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Airflow vs Apache NiFi: What are the differences?

Developers describe Airflow as "A platform to programmaticaly author, schedule and monitor data pipelines, by Airbnb". Use Airflow to author workflows as directed acyclic graphs (DAGs) of tasks. The Airflow scheduler executes your tasks on an array of workers while following the specified dependencies. Rich command lines utilities makes performing complex surgeries on DAGs a snap. The rich user interface makes it easy to visualize pipelines running in production, monitor progress and troubleshoot issues when needed. On the other hand, Apache NiFi is detailed as "A reliable system to process and distribute data". An easy to use, powerful, and reliable system to process and distribute data. It supports powerful and scalable directed graphs of data routing, transformation, and system mediation logic.

Airflow can be classified as a tool in the "Workflow Manager" category, while Apache NiFi is grouped under "Stream Processing".

Some of the features offered by Airflow are:

  • Dynamic: Airflow pipelines are configuration as code (Python), allowing for dynamic pipeline generation. This allows for writting code that instantiate pipelines dynamically.
  • Extensible: Easily define your own operators, executors and extend the library so that it fits the level of abstraction that suits your environment.
  • Elegant: Airflow pipelines are lean and explicit. Parameterizing your scripts is built in the core of Airflow using powerful Jinja templating engine.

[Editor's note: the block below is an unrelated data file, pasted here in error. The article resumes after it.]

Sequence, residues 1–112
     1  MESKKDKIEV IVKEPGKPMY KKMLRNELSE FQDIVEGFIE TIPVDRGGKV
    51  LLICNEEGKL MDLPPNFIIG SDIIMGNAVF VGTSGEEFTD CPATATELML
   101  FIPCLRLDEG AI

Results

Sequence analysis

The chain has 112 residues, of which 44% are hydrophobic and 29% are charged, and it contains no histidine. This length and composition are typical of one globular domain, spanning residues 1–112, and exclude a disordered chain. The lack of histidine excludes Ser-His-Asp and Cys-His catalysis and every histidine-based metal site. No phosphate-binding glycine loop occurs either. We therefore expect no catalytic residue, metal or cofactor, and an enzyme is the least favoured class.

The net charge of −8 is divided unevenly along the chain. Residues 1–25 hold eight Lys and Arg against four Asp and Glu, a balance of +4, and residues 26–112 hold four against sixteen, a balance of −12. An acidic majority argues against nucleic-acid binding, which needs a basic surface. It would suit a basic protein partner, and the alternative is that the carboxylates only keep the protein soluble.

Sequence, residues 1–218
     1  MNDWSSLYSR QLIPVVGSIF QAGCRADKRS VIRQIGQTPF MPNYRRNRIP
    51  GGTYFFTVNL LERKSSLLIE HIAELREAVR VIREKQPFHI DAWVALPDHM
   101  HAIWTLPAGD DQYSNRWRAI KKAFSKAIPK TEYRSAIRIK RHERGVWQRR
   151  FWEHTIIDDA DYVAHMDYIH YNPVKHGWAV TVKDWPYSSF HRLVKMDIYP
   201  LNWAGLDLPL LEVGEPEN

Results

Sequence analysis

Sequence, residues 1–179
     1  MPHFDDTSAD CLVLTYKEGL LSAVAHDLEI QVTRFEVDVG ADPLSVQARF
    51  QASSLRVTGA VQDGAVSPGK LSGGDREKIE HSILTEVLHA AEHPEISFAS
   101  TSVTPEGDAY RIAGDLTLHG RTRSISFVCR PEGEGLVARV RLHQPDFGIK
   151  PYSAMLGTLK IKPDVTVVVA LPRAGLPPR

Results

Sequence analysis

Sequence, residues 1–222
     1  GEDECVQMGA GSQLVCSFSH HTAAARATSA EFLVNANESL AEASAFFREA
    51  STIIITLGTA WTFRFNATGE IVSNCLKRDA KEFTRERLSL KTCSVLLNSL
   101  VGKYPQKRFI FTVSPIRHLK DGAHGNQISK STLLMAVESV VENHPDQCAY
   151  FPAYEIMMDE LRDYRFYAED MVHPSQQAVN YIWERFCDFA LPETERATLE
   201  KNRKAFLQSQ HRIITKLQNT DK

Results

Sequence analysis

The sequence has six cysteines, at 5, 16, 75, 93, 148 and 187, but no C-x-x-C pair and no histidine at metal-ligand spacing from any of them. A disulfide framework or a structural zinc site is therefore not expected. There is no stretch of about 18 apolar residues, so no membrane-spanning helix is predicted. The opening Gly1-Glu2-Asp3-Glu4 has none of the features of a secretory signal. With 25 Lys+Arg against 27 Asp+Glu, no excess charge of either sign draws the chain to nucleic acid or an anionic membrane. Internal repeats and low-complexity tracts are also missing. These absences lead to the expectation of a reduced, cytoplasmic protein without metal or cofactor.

On the other hand, Apache NiFi provides the following key features:

  • Web-based user interface
  • Highly configurable
  • Data Provenance

Airflow is an open source tool with 13.3K GitHub stars and 4.91K GitHub forks. Here's a link to Airflow's open source repository on GitHub.

According to the StackShare community, Airflow has a broader approval, being mentioned in 98 company stacks & 162 developers stacks; compared to Apache NiFi, which is listed in 10 company stacks and 12 developer stacks.

Advice on Airflow and Apache NiFi
Needs advice
on
AirflowAirflow
and
Apache NiFiApache NiFi

I am looking for the best tool to orchestrate #ETL workflows in non-Hadoop environments, mainly for regression testing use cases. Would Airflow or Apache NiFi be a good fit for this purpose?

For example, I want to run an Informatica ETL job and then run an SQL task as a dependency, followed by another task from Jira. What tool is best suited to set up such a pipeline?

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Replies (2)
Recommends
AirflowAirflow

I have been using Airflow for more than 2 years now and haven't thought about moving to any other platform. Coming back to your requirements, Airflow fits pretty well. 1. It has an excellent way to manage dependent tasks using DAG (Direct Acyclic Graph), You can create a DAG with tasks and manage which task is dependent on which and Airflow takes care of running it or not running a task in case the parent task fails. 2. Integrations - The airflow community has implemented various integration to different cloud services, to Hadoop, spark a and as well as Jira. Though it doesn't have in-built integration for Informatica you can also run your own service in Airflow as a task (which can handle all Informatica related operations).

  1. It's very easy to find/monitor and manage Jobs/Pipelines as Airflow provides a great consolidated UI.
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Josh Solomon
Sales Executive at Astronomer · | 0 upvotes · 18.1K views
Recommends
AirflowAirflow

Hey Sathya! With Airflow, you are able to create custom hooks and operators to trigger various types of jobs. There may be ones that exist already for informatica, but I am unsure. Would be happy to connect to discuss further if you are interested. josh@astronomer.io

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Needs advice
on
AirflowAirflowLuigiLuigi
and
Apache SparkApache Spark